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Taking self-service to the next level

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Having attended Nuance’s annual Customer Experience Summit in London earlier this week, it’s clear that self-service automation is making real inroads.

Woman on iPad

Nuance reported that it now processes some 14 billion customer interactions a year, and that is translating into significant business benefits in terms of an improved customer experience and cost savings for service providers.

Another key theme of this year’s event was customer enthusiasm for well-designed self-service applications. For example, when Domino’s Pizza trialled its Dom virtual assistant, it handled 200,000 orders while still in beta.

Three specific takeaways from this year’s event:

  • Voice biometrics for authentication will quickly become the de facto way of identifying and verifying customers
  • Blending voice biometrics with big data analytics to deliver new levels of insight into fraud
  • Taking Virtual Assistant deployments to the next level with full conversational interactions

With HSBC recently joining Barclays in offering voice biometrics authentication, there’s now a major proportion of UK banking customers that will be using the technology. I believe it will quickly become the standard for access, and that customers will begin to ask why their other service providers aren’t protecting them with voice biometrics. Barclays talked about how those customers that don’t go through biometrics still have to go through ‘the quiz’ – a tedious verification process. It’s easy to forget that it wasn’t very long ago that we all had to go through this for every service interaction, and it just shows how much momentum there now is behind the technology.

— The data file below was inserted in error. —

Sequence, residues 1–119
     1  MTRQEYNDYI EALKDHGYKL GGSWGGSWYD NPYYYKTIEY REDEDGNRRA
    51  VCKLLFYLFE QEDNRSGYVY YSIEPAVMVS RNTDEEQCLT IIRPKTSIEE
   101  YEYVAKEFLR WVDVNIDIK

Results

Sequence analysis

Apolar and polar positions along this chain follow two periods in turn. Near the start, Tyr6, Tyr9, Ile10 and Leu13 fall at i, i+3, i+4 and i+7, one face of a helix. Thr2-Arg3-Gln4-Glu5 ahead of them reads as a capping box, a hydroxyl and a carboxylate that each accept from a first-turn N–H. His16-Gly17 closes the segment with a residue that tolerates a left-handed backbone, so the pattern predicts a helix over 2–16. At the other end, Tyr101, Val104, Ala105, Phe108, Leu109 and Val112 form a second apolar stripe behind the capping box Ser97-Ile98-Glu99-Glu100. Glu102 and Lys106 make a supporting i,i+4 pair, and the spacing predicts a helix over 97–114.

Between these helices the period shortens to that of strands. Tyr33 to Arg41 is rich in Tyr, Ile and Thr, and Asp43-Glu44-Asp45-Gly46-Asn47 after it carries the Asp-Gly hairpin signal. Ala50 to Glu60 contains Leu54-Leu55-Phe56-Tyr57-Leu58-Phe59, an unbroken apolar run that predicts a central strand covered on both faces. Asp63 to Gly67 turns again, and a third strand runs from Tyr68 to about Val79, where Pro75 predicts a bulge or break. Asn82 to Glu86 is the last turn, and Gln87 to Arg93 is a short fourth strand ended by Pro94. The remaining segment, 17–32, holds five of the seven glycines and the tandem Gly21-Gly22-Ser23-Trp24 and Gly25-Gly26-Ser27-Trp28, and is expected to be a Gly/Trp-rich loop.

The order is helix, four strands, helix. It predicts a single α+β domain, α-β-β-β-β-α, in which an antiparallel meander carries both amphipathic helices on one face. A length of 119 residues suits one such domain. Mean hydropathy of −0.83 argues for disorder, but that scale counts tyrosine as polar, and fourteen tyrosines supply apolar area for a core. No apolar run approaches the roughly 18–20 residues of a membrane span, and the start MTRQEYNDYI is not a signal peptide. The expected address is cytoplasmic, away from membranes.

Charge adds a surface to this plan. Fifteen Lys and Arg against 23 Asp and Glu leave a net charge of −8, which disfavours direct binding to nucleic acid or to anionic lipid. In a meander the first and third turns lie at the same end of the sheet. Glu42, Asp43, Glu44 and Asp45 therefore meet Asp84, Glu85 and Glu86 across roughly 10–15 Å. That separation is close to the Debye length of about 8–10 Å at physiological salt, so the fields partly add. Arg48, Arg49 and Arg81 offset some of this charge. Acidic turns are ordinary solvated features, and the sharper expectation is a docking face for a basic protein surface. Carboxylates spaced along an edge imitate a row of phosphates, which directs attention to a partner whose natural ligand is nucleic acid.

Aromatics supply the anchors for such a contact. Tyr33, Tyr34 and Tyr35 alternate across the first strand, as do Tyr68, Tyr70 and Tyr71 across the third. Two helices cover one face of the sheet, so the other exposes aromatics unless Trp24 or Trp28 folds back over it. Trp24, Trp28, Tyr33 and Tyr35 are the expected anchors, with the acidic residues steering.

Barclays also discussed its Barclaycard fraud mining project, where it’s entire database of call recordings was matched against voice biometric prints. Doing this they were able to identify fraudsters with multiple accounts, indeed they isolated one criminal with almost 50 different accounts! Cleary this kind of exercise requires a significant commitment in terms of processing power, but the effort is worth it if the result is that fraudsters no longer bother with Barclaycard as they know they’re likely to be picked in near real time. Unfortunately, what’s good news for Barclaycard isn’t always good news for other financial services providers, as those fraudsters thwarted by one firm will simply move to the next target. I suspect we’ll see a lot more biometrics-powered fraud initiatives over the coming months.

The Nuance event also highlighted how Jetstar – the low cost airline from the Asia Pacific region – is putting intelligent virtual assistants to work. The airline’s Ask Jess virtual assistant has moved beyond first generation VA deployments – that were often little more than front-ends to a knowledge base – and delivers an impressive conversational performance. It’s like having a webchat with a live agent, and this is clearly the way forward for virtual assistant deployments.

Jetstar also showed just how flexible the technology can be. In Japan, for example, they’ve moved away from their Ask Jess persona to use a friendly bear as their customer persona – showing the technology’s ability to be localised for different markets. This also highlights the need for effective design and dialogue skills when it comes to developing and deploying self-service solutions.

Nuance also emphasised the key role that machine learning will play in its next generation offerings. A preview of HAVA, Nuance’s Human Assisted Virtual Assistant showed how with ongoing machine learning automated virtual assistants will soon be able to front the entire customer conversation, but with the intelligence to reach out for live support when it becomes necessary.

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